Former ambassador: Karzai comments highlight growing frustration
Ambassador Zalmay Khalilzad
March 7th, 2011
01:32 PM ET

Former ambassador: Karzai comments highlight growing frustration

On Sunday, Afghan President Hamid Karzai told U.S. and NATO commander Gen. David Petraeus that his apology after nine children died in a NATO air strike was not enough.

What does this hold for Afghan-U.S. relations?  I called former U.S. Ambassador to Afghanistan under the second President Bush, Zalmay Khalilzad to talk it through. Ambassador Khalilzad also served as Ambassador to Iraq and as U.S. Ambassador to the United Nations.

Bakshi: What is the significance of Karzai telling Petraeus that apologies are not enough?

Khalilzad: There are some in the press saying he [Karzai] rejected the apology. I didn’t read the statement that way. He said it wasn’t enough, implying there is a need for action to be sure this sort of thing does not happen. I would have liked, of course, for him also to recognize that two-third of the civilian causalities in Afghanistan take place because of the Taliban.

Bakshi: So is this a significant difference in tone or is this Karzai just reemphasizing frustration?

Khalilzad: I don’t think this is a qualitative change. I think it is maybe added frustration since it has been going on for a long time.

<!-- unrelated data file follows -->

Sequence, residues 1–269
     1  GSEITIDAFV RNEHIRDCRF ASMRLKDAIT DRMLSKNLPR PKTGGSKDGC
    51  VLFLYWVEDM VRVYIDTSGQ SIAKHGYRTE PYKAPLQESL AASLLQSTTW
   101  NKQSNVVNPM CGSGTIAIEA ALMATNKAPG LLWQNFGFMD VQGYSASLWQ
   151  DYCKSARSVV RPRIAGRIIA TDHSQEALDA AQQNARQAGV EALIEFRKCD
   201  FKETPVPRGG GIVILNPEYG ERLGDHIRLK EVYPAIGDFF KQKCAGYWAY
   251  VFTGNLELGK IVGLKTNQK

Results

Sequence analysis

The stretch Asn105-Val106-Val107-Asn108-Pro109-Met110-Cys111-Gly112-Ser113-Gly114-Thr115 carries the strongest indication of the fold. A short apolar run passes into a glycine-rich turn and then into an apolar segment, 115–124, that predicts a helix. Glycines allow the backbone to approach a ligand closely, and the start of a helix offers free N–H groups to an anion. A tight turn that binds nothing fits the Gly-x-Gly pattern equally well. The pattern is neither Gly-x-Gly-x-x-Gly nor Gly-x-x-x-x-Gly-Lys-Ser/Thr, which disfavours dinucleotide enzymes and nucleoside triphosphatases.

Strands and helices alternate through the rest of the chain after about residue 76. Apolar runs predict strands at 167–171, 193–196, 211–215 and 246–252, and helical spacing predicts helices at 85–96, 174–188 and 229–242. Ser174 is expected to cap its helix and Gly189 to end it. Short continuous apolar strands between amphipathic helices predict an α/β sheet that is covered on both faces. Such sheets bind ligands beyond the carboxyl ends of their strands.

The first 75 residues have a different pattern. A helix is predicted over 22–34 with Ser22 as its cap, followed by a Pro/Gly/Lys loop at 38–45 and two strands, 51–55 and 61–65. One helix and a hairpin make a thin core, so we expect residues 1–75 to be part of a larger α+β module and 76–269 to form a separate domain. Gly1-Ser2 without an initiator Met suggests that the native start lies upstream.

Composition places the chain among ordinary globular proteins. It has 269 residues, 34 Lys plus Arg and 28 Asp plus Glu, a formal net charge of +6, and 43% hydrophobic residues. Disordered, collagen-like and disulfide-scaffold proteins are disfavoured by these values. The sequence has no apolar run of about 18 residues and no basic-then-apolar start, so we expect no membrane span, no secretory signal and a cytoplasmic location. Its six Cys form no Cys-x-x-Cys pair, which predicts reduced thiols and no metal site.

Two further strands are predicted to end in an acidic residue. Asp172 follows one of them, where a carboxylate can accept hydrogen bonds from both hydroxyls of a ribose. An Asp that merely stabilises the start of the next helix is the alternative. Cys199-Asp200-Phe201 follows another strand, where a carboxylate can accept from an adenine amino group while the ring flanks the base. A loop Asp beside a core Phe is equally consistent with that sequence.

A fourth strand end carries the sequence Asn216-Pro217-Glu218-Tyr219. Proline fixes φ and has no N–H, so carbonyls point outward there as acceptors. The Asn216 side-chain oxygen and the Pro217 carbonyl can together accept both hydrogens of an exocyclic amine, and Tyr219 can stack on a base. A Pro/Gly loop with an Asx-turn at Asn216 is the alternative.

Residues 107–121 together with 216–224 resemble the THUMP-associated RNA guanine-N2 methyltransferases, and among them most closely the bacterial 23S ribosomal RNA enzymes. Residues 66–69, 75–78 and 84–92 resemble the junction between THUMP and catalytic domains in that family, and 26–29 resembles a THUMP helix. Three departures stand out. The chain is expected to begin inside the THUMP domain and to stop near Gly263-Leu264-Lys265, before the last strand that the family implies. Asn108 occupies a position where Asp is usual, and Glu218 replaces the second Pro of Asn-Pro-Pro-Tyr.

I remember the second day I had arrived as Ambassador in Kabul, [there was] an incident in which school children had been killed. We had some A-10s operating against a target that had been identified as a terrorist target but nearby some schoolchildren were in a class under a tree and they had been killed. This was 2003.

We need to recognize, and I think we probably do, that this has become a political issue – that frustration among the people is on the rise and that we need to look at ways some of the tactics can change without increasing the risk to the U.S. and minimizing the effect of the operations against the terrorists. [For example, we need to look at] whether less reliance on air [power] can be safely carried out.

Bakshi: Is this a statement on the strength of the relationship between the U.S. and Afghanistan?

Khalilzad: I think it is a problem in the relationship. It’s not atypical though when you have a foreign force and a local government – sometimes they differ on a variety of issues. In Iraq, for example, Prime Minister Maliki wanted more say in the operations that were carried out. That was at some point an issue and at another point we welcomed it. He wanted to assert leadership and that was good.

There is the question of whether there can be a joint operating cell [in Afghanistan] – if that doesn’t exist. Can it be done in away that doest jeopardize the security of operations? This is a significant issue in the relationship. But there is recognition on both sides that Afghanistan needs the coalition forces and coalition forces are operating there at the request of the Afghans under the UN mandate. They are making huge sacrifices in terms of lives and resources.